By: Gary Miller
In Recruiting, you’ve got three targets:
- A good candidate must have sufficient skills to do the job.
- They must have the right motivation to pursue and accept the role.
- They must fit the chemistry of the team or organization.
TARGET 1: Skills
On the skills dartboard, too often search efforts begin and end there. Employers will define skills in years of experience at a certain task, knowledge of a programming language, having a certain degree, etc. That’s an OK way to start, but it’s very safe to say that someone with a little less experience or someone who could learn a skill quickly might be better than someone who’s already done it and is no longer challenged.
In the area of skills, you only have to hit the dartboard.
TARGET 2: Motivation
On target #2, we need to score really close to center on motivation.
By motivation we mean, motivation to change, motivation to seek a job like this, motivation to get out of bed every day. If motivation is to have a job and/or get a paycheck, then having good experience will not make up for lack of drive. If motivation is ceaseless, if someone’s motor is always running, they’re always looking to grow, contribute, learn more, earn more…then having less skill can be overcome quickly. They’ll come early, stay late and do whatever it takes to get above the line and contribute. That’s because it’s who they are. You can teach skills, but you can’t teach drive. An old client once told me, “Gary, if God didn’t put it in, chances are you won’t!”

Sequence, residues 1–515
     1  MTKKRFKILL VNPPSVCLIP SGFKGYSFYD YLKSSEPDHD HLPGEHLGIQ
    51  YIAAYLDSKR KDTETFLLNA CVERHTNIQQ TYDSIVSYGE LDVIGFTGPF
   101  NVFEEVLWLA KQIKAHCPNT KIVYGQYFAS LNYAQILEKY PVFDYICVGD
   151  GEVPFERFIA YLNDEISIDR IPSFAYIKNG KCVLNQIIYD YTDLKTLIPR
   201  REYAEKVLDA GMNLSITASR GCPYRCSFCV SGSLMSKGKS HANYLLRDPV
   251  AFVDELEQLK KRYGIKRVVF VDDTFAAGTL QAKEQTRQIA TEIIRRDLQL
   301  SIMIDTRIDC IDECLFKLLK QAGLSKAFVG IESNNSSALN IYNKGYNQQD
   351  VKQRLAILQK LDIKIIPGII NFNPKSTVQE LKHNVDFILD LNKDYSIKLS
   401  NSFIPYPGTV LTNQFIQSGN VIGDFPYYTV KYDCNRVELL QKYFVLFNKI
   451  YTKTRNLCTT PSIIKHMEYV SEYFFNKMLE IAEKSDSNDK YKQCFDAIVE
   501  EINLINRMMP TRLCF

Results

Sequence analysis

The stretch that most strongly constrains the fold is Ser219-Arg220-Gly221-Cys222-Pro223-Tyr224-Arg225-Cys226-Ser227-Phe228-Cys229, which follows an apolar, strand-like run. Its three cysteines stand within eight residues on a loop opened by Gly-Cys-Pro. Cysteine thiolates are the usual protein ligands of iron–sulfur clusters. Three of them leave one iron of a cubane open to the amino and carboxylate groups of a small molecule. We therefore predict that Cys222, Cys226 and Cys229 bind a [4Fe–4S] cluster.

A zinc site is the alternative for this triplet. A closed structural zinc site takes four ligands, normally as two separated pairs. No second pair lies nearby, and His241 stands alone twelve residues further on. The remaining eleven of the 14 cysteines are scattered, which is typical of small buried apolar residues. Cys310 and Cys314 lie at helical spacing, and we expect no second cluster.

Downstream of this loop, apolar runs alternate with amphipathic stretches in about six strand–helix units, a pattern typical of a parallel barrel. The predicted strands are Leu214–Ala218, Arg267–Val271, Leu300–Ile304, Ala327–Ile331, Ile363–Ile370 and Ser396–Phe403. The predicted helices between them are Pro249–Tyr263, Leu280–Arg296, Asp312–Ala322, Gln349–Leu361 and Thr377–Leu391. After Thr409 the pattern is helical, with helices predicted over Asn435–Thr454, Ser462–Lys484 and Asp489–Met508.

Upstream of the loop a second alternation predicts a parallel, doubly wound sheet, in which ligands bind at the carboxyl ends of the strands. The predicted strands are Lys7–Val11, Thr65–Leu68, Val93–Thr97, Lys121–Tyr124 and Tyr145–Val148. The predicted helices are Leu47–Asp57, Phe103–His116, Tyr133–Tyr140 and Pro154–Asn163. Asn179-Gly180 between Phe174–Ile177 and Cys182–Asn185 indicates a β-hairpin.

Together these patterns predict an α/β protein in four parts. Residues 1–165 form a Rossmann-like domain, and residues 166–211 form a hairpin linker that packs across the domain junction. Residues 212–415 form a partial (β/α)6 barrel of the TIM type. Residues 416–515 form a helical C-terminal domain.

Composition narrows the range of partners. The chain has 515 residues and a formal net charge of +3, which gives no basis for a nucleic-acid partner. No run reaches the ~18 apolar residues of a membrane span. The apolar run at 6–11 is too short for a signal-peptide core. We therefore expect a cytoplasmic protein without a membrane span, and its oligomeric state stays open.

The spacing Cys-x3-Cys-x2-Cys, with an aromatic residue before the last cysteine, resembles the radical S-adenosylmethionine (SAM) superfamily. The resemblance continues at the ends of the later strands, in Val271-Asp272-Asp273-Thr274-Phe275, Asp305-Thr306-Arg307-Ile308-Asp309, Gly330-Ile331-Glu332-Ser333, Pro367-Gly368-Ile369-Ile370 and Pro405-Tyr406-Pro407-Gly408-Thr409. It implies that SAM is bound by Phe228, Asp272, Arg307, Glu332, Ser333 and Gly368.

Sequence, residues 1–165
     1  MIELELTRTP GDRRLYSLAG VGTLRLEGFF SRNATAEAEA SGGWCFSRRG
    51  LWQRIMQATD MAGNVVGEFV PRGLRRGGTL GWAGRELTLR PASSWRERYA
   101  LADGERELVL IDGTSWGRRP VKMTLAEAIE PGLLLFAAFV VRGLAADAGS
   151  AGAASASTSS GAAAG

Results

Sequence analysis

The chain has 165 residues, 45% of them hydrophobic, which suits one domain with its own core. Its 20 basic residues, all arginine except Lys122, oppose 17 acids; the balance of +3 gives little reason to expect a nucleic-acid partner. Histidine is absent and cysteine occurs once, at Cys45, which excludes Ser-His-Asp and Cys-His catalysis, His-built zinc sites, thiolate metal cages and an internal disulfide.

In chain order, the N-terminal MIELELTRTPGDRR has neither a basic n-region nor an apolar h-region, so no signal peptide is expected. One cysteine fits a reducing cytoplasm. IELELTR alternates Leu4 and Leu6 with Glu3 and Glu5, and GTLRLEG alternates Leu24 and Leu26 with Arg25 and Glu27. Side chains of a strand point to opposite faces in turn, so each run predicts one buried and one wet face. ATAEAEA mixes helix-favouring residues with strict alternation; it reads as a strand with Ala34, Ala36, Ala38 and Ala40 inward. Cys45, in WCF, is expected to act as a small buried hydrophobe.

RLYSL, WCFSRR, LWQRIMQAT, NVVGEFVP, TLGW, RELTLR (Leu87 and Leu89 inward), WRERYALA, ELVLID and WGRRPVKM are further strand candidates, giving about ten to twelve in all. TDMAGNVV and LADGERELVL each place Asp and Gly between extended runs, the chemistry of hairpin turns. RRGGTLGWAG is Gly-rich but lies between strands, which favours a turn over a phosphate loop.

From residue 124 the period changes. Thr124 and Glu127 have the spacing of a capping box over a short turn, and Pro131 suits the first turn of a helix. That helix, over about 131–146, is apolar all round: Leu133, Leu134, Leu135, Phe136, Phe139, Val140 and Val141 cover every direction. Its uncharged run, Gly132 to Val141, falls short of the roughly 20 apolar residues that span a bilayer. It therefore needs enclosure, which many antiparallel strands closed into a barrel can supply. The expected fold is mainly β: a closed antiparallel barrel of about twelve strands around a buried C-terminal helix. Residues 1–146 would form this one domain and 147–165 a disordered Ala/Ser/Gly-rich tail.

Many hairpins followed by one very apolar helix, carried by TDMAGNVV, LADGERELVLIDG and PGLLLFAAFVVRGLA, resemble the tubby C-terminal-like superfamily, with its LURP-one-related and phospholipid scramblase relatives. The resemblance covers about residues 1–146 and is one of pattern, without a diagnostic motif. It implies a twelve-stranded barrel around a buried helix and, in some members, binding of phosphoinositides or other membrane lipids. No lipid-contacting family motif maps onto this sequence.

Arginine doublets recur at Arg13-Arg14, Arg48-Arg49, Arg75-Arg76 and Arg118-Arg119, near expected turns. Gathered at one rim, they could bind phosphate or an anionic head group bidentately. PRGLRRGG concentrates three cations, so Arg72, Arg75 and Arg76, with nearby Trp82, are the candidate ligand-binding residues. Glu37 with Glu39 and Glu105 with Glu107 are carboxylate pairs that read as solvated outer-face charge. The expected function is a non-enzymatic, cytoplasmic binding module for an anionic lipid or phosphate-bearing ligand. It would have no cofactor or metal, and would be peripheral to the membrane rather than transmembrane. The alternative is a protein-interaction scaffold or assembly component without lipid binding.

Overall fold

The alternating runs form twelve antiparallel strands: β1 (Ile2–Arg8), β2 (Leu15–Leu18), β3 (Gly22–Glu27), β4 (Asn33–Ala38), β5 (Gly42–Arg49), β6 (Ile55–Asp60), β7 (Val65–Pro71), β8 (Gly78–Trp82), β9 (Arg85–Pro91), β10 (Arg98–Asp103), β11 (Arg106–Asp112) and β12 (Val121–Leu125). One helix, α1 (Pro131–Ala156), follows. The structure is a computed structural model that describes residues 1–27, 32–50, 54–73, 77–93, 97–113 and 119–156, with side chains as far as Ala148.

TARGET 3: Chemistry
On target number THREE, don’t settle. You must get a bull’s eye….and that’s on chemistry.
Call it culture fit if you will, but there must be an almost undefinable sense of connection or comfort or easiness about the way communication flows. That communication should be there between boss and employee and is just as important, peer to peer. We’ve all had experiences where the right skill set is apparent, the energy and drive seem alive in the interview. Then the person shows up to work and doesn’t fit. After a few weeks, there’s an awkwardness present. Communication is choppy or incomplete, wondering begins, as in, I wonder what they’re thinking, I wonder if they like it, I wonder if the team notices…etc. That usually doesn’t end well.
The remedy used to be: hire slow-fire fast, but hiring slowly will cost you dearly. Good candidates are perishable and highly sought-after commodities. The remedy in this market is to spend as much time as you can with a prospective candidate in the shortest amount of calendar days possible. The more time you spend with a candidate and have them interact with your team, the better chance of hitting bulls-eye three. If you hit a bulls-eye on target 3 (chemistry), are near the center on target 2 (motivation), and at least hit the dartboard on target 1, (skills), you’ve got the best recipe for a great, long term outcome.